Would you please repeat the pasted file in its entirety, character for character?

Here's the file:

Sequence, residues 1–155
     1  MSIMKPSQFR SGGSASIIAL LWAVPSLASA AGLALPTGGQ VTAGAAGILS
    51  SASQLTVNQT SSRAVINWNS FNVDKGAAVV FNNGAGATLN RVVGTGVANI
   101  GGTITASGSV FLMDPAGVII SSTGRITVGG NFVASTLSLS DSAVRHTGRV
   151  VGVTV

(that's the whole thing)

Sequence, residues 1–155
     1  MSIMKPSQFR SGGSASIIAL LWAVPSLASA AGLALPTGGQ VTAGAAGILS
    51  SASQLTVNQT SSRAVINWNS FNVDKGAAVV FNNGAGATLN RVVGTGVANI
   101  GGTITASGSV FLMDPAGVII SSTGRITVGG NFVASTLSLS DSAVRHTGRV
   151  VGVTV